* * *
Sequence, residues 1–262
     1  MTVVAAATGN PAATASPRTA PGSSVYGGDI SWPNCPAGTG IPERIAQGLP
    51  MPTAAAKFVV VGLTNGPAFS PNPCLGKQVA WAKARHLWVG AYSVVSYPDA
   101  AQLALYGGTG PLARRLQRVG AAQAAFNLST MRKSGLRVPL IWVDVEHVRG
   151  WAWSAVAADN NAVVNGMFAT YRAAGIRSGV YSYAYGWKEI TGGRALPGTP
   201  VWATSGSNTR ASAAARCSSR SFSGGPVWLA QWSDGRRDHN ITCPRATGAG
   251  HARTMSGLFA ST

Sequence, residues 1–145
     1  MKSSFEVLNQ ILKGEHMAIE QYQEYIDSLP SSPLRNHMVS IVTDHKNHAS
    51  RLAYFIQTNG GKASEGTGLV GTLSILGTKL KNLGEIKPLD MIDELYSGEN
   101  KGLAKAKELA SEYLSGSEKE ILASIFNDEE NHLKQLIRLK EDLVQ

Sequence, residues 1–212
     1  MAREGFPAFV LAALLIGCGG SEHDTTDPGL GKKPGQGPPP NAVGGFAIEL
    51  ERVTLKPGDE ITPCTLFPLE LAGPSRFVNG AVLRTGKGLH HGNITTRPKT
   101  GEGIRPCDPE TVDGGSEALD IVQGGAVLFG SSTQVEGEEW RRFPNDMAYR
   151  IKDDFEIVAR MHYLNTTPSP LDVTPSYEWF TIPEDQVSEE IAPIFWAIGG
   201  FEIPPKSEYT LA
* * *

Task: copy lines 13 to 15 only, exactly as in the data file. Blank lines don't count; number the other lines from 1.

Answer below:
     1  MAREGFPAFV LAALLIGCGG SEHDTTDPGL GKKPGQGPPP NAVGGFAIEL
    51  ERVTLKPGDE ITPCTLFPLE LAGPSRFVNG AVLRTGKGLH HGNITTRPKT
   101  GEGIRPCDPE TVDGGSEALD IVQGGAVLFG SSTQVEGEEW RRFPNDMAYR